The European Union could soon ban targeted online political advertising using sensitive personal data without user consent under new European Commission proposals published on Thursday.
"Elections must not be a competition of opaque and non-transparent methods," said commission Vice President Vera Jourova in a press release.
"People must know why they are seeing an ad, who paid for it, how much, [and] what micro-targeting criteria were used," said the commissioner whose portfolio covers values and transparency.
The proposals come after years of concern that voters in the EU are vulnerable to manipulation from hostile actors on social media.
Jourova told journalists in Brussels that the Cambridge Analytica scandal provided a "glimpse" into the risks posed by targeted online advertising.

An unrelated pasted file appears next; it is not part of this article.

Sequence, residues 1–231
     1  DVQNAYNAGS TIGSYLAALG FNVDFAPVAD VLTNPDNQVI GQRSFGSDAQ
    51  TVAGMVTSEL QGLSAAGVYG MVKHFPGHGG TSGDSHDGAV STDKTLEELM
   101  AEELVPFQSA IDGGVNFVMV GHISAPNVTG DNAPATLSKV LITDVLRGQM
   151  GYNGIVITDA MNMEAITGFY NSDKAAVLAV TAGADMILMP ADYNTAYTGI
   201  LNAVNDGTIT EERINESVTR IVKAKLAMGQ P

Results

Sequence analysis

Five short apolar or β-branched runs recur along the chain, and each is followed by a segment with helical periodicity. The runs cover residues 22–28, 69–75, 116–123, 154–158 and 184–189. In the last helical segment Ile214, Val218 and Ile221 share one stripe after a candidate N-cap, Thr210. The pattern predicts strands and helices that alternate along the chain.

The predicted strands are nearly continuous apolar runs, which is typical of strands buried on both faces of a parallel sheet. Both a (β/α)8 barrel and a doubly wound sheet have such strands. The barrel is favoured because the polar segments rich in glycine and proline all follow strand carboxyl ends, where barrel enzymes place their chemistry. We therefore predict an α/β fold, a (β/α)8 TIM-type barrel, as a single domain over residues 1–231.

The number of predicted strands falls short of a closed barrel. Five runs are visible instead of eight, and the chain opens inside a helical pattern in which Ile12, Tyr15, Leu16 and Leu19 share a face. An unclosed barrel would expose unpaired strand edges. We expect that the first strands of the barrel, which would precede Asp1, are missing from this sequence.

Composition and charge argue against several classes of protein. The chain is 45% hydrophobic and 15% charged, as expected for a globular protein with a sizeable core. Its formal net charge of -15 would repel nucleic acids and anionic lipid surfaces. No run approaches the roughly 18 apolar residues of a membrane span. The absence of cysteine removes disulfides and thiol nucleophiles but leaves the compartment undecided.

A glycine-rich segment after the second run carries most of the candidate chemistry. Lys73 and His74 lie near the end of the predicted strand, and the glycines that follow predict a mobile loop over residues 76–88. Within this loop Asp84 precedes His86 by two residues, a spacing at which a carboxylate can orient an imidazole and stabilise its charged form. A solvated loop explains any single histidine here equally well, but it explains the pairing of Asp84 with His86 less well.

The data analytics company was accused of harvesting the Facebook data of millions of users for work aiding the pro-Brexit campaign as well as former US president Donald Trump's 2016 White House bid.
Under the proposed regulations, targeted political advertisements based on sensitive data like sexual orientation and religious beliefs are to be banned, unless the user explicitly consents.
In addition, new transparency labels must show social media users who financed and by how much the political advert they are seeing. The label also needs to explain the relevant connection to current political events like referendums or elections.
The commission aims for the rules to be in place by 2024.
A recent Eurobarometer survey showed that nearly four out of ten Europeans have been exposed to content where they could not easily determine whether it was a political advertisement or not.